If indies are feeling somewhat disillusioned with President Obama over the health care reform fight, it has more to do with fears that he is being overly influenced by the partisans in Congress. Since independents voted for him to be a more independent president, it’s easy to see how some felt disappointed by his handling of the Republican onslaught. Obama’s independent appeal was based on his challenge to the prevailing culture of Clintonian opportunism in the Democratic Party and partisanship inside the Beltway. Put another way, the independent vote for Obama was an effort to define a new kind of progressivism, one that was not synonymous with Democratic Party control.
After years of hard work and organizing, independents have become a sought-after partner in American politics. They elected President Obama and New York City Mayor Mike Bloomberg, arguably the country’s two most independent and pragmatically progressive elected officials. No wonder the Republican Party right wants a clawback.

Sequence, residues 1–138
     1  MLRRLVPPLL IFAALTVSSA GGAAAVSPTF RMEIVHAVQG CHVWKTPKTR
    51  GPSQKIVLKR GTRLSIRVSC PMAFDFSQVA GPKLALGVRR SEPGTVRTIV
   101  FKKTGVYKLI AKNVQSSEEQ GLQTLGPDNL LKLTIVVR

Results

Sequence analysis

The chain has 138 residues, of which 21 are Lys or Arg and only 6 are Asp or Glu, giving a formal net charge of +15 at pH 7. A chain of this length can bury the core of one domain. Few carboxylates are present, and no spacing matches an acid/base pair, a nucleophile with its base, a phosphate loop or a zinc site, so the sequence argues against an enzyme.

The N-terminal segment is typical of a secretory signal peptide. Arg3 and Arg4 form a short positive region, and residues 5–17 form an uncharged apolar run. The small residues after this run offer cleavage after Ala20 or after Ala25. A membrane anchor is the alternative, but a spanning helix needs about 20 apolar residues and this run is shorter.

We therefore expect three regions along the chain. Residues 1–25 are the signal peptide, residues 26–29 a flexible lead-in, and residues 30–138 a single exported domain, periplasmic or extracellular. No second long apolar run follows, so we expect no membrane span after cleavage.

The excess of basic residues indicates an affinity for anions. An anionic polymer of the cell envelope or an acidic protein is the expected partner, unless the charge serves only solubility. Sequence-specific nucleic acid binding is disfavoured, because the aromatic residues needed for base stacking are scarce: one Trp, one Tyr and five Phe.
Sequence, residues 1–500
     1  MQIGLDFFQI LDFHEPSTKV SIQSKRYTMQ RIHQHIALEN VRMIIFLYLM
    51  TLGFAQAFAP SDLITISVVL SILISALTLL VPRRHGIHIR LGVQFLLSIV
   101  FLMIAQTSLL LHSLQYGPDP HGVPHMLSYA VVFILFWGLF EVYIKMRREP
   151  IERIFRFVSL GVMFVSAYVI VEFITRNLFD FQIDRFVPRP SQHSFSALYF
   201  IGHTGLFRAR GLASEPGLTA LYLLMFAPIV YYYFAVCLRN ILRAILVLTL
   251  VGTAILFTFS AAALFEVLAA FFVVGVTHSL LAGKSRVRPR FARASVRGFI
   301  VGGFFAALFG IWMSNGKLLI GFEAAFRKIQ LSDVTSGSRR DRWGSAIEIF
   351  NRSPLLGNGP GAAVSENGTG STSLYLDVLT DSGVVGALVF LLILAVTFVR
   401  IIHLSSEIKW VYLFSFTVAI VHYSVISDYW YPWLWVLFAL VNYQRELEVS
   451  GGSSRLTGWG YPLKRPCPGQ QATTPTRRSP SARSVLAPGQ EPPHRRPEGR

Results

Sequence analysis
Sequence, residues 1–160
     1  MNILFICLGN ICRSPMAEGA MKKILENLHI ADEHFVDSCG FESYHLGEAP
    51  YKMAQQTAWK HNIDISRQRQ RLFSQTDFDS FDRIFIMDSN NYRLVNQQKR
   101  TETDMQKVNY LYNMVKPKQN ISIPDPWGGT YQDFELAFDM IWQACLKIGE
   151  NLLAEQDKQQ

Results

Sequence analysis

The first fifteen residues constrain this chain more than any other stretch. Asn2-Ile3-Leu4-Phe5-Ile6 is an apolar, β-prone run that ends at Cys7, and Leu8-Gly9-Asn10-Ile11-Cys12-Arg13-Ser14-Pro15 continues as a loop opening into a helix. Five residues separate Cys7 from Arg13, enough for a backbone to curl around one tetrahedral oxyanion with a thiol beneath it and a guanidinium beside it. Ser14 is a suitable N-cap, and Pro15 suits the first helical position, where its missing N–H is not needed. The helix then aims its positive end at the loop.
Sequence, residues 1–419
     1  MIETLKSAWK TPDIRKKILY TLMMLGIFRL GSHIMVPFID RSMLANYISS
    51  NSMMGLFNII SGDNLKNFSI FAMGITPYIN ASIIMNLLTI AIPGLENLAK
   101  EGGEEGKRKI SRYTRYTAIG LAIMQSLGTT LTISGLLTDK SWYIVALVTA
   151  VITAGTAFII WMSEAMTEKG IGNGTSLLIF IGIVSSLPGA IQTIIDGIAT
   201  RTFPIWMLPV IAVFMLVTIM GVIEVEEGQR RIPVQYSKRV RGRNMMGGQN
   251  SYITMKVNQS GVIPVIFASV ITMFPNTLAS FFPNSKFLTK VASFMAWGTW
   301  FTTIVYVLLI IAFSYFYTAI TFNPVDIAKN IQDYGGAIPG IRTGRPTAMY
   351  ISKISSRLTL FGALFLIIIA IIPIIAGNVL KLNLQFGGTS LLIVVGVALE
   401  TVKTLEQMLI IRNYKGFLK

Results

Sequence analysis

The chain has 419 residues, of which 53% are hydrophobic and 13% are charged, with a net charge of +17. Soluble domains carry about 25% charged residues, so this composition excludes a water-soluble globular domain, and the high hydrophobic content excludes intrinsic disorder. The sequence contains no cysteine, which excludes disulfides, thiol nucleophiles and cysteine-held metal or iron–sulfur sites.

Independents are vulnerable to being peeled away by the Republican right. The Pew Research Center reports that were the 2010 midterms to be held today, independents would lean towards Republicans by a 43 to 38 percent margin. But, the evolution of a 21st century independent movement is not that simple. First, the movement is very fluid and very new. Historical movements develop through twists and turns, not in a straight line. The far right has attempted to take over the independent movement before. In 1994, Newt Gingrich crafted the “Contract with America” to woo Perotistas back into the Republican tent. And in 2000, social conservative Pat Buchanan hijacked the Reform Party presidential nomination, though he was roundly repudiated by independents in the general election.
If Republicans are increasing their influence among independents, it’s also because the Democratic Party Left has not been a friend to the independent movement. Sure, Democrats were happy that indies broke for Obama. But they were disappointed that we didn’t become Democrats. They equate progressivism with being in the Democratic Party. But they’re wrong.